Thursday, July 24, 2014

Analog Science Fiction and Fact, October 2014

A slightly above average issue.

"Opportunity Knocks", Joyce and Stanley Schmidt (Short Story)
Apparently continues some earlier story. The first quarter is a very heavy and dense infodump, which was hard to understand. The later part was okay and involves some Halloween trick and treaters meeting an alien. The story might have worked better as a separate one, omitting the force feeding of the details (most of which weren’t even important for the story itself anyway) and slightly rewriting the end part. Even then more of a prequel than an actual story. ***-
"Threshold", Tony Ballantyne (Novelette)
A guide on an alien planet is hired to take a group of three women to see a special feature of the planet: floating swarms, which are “insect” colonies which are on flight all the time and often reacted to environment in fairly predictable manner. It turns out that the women have a more sinister agenda. A pretty good and well written story. I must wonder though: how lax immigration is on the planet if the group was able to get all those things through customs? ***½
"Chrysalis", David Brin (Short Story)
Biologists have been able reprogram human cells, first to produce new organs to replace diseased ones, later grow back limbs. What is the next step? The story is told mainly by expository dialogue, where people tell what they have done or plan to do. It feels more like a transcript than a real story. Readable and even thought provoking, though. ***+
"Each Night I Dream of Liberty", Andrew Barton (Short Story)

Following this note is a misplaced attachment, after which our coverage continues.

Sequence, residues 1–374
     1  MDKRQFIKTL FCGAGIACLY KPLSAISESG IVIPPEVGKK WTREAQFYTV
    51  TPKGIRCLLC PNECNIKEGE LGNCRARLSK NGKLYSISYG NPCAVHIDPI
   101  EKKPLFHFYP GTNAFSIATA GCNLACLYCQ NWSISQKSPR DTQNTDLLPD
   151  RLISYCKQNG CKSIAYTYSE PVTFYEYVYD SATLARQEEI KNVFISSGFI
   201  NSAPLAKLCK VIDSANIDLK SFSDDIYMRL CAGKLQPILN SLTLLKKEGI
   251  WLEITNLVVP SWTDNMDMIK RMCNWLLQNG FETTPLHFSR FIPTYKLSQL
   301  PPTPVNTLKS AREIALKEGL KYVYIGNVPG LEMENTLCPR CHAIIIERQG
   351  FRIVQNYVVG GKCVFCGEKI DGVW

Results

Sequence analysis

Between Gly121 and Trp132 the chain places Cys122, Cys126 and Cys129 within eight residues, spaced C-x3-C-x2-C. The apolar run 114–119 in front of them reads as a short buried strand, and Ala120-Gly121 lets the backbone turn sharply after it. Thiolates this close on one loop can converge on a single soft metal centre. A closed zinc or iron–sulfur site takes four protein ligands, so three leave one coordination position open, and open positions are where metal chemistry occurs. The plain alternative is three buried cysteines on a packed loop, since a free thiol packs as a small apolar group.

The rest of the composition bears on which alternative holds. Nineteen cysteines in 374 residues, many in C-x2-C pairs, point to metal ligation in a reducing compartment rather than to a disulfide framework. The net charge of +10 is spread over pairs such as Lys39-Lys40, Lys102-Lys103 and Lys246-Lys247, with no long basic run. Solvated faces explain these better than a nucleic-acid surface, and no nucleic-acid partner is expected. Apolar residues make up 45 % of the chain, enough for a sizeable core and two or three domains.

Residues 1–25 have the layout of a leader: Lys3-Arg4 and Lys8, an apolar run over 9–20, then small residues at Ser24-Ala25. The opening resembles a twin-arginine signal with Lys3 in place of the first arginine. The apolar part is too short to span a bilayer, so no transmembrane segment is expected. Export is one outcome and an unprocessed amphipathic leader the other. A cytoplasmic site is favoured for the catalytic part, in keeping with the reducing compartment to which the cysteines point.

A some sort of agent examines shady medical research on some sort of planet. A lot of exposition, some very strange leaps of logic. Someone has aphasia - oh, he must have been a victim of weaponized aphasia some terrorists were using years ago. Someone hasn't slept; oh she must have fatal familiar insomnia - an extremely rare disease with an incidence of something like 1:10000000. I found it hard to keep track what was going on. **
"Unfolding the Multi-Cloud", Ron Collins (Short Story)
A woman misses her loved one, who works in extremely well paid work, where he uploads his consciousness to net to find new or forgotten things. He might not come back as whole. Very well written and good story heavy with metaphors. Better than most of this year’s Hugo - nominees in the short story category, which were also heavily loaded with metaphors, but that is not saying much, though. ***+
"The Hand-Havers", Mary E. Lowd (Short Story)
Underwater intelligent beings give live apparently pretty American style life with central families and strong sex taboos. The unfertilized pregnancies (for both sexes?) produce "hands", some sorts of telepathically controlled beings which help in everyday life. Adulthood comes after the birth of the first hand. A young female creature is fascinated by an older male creature, who has six hands and is very smart and resourceful. He works as a kind of inventor for the community. An ok story, somewhat rushed and too short. Also, the very middle class American values on an alien species felt pretty stupid and irritating. ***+
“The Jenregar and the Light", Dave Creek (Novella)
Continues an earlier story. Insect like aliens are invading earth. The solution which was discovered at the end of an earlier story isn't working well any more. The story is split: one half tells about an attack to Nairobi and devastation the alien hive is causing there, the other half tells about Mike Christopher, artificial man who runs in to another alien infestation. Interspaced are segments about a scientist who is discovering a new method to destroy the aliens. Is total genocide justified? Not bad, but the parts didn't much to do with each other’s. Might have worked better as two separate stories. ***+

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